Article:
Despite a shaky economy prompting voters to hold their wallets tight, Tempe residents seemed set to overwhelmingly approve four bonds funding more than $240 million in improvements.
With early votes counted, representing about a third of all votes cast, three bonds received at least 72 percent approval. Those will fund improvements to the municipality’s public safety infrastructure, water system and road network.
And the fourth bond, for park improvements and community services, got the support of nearly two-thirds of the voters.
Barb Carter, secretary of the bond committee, said Tempe citizens trust the city to spend their money wisely.
“It’s a testament to the leadership of the city,” Carter said Tuesday night. “The people believe they get the most bang for their buck.”
The bonds were for:
• Installing new water and sewer pipelines and expanding treatment capacity; $113.3 million.
• Street improvements and storm drains; $44.2 million.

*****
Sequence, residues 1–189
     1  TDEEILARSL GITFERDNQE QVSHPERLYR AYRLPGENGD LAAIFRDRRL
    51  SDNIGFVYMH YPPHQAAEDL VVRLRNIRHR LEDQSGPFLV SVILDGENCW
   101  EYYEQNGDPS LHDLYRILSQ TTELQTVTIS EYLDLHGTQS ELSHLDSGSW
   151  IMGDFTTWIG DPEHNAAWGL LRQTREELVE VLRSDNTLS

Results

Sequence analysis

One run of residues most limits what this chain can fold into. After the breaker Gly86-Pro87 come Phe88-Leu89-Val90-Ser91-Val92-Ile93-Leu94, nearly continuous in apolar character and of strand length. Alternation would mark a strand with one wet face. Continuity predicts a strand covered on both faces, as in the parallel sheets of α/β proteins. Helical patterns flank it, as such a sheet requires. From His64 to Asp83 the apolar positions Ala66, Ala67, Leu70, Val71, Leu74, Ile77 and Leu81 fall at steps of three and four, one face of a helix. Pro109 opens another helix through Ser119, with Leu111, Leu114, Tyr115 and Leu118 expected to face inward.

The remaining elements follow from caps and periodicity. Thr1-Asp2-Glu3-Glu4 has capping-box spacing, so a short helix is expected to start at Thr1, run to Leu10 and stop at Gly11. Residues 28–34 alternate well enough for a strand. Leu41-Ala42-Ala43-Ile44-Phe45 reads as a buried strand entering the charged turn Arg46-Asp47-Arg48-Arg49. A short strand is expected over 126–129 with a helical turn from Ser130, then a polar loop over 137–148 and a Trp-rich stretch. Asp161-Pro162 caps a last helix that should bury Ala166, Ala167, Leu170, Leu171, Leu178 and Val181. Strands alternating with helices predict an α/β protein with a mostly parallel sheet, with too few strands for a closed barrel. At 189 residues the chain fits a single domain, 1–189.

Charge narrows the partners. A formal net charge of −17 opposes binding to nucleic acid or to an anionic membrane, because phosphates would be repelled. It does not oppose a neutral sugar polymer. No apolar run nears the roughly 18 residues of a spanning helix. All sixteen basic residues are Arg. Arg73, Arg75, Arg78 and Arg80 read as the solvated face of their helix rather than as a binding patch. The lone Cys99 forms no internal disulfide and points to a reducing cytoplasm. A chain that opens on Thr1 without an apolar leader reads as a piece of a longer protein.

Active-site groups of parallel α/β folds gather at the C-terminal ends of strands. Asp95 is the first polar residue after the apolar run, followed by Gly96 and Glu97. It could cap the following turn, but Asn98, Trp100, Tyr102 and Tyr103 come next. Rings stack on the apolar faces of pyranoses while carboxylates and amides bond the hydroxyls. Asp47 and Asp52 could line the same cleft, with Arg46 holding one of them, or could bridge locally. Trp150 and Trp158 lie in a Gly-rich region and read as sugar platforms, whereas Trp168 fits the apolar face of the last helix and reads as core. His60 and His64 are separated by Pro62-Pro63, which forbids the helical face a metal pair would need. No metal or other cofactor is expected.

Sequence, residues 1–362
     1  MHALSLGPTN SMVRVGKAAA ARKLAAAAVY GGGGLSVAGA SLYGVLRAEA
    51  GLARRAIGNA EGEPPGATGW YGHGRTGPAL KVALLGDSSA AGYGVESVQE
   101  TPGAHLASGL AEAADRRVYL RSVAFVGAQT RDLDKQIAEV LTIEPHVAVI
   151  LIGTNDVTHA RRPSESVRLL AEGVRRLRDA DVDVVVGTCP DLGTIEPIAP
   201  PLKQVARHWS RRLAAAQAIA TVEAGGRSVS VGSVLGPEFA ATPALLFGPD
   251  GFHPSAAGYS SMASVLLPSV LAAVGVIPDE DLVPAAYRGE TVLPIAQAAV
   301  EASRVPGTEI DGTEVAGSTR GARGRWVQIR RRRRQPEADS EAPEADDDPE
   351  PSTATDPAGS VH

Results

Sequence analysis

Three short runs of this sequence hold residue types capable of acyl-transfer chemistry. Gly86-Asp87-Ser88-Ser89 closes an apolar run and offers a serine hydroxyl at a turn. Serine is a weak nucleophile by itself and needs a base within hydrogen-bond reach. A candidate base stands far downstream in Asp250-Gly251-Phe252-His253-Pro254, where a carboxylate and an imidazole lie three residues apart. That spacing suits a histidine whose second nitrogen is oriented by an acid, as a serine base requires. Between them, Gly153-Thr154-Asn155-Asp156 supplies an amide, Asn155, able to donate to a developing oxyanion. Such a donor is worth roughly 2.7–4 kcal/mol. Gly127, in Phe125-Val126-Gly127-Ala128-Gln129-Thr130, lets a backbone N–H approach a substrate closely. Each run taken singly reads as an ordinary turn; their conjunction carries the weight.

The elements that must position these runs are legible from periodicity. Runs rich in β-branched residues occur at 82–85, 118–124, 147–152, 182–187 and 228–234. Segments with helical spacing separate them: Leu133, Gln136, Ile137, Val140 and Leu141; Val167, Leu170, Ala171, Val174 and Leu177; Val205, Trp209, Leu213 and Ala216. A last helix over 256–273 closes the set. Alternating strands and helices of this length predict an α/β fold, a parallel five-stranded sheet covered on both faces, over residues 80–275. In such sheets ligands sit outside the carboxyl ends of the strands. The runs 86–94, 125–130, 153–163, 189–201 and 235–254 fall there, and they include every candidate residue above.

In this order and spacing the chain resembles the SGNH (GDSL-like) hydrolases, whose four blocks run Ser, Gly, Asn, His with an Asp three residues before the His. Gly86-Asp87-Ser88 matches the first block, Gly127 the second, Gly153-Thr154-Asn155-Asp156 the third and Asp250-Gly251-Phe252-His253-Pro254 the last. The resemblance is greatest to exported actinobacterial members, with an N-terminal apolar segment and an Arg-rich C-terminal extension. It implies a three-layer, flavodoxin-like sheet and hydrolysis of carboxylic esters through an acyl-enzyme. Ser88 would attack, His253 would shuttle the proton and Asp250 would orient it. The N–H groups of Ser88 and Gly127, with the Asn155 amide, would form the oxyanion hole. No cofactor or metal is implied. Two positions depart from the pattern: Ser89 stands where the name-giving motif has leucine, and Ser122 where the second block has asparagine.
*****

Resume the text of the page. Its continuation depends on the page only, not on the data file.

• Public safety; $32 million.
• Renovations to parks, sports facilities and city museum; a new scoreboard at Tempe Diablo Stadium; $51.8 million.
Bond proponents were leery of asking voters to approve multimillion-dollar bonds in a time of economic crisis.
In June, the Tempe City Council was worried enough to consider pushing back the bond election to next year. But the date was kept in place after a split vote. Carter, then on the council, was among the majority.
Troubles on Wall Street have created another point of concern.
Because of the credit crunch, many cities across the nation are finding it difficult to sell their municipal bonds. And when they do, they must offer interest rates far above what they are accustomed to paying.
In fact, some financial experts are touting the municipal bond market as undervalued for its low prices and high yields.